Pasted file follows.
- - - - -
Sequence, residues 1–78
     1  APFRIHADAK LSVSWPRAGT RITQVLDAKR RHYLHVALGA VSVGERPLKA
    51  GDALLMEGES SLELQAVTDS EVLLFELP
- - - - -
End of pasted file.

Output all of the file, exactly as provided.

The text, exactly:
Sequence, residues 1–78
     1  APFRIHADAK LSVSWPRAGT RITQVLDAKR RHYLHVALGA VSVGERPLKA
    51  GDALLMEGES SLELQAVTDS EVLLFELP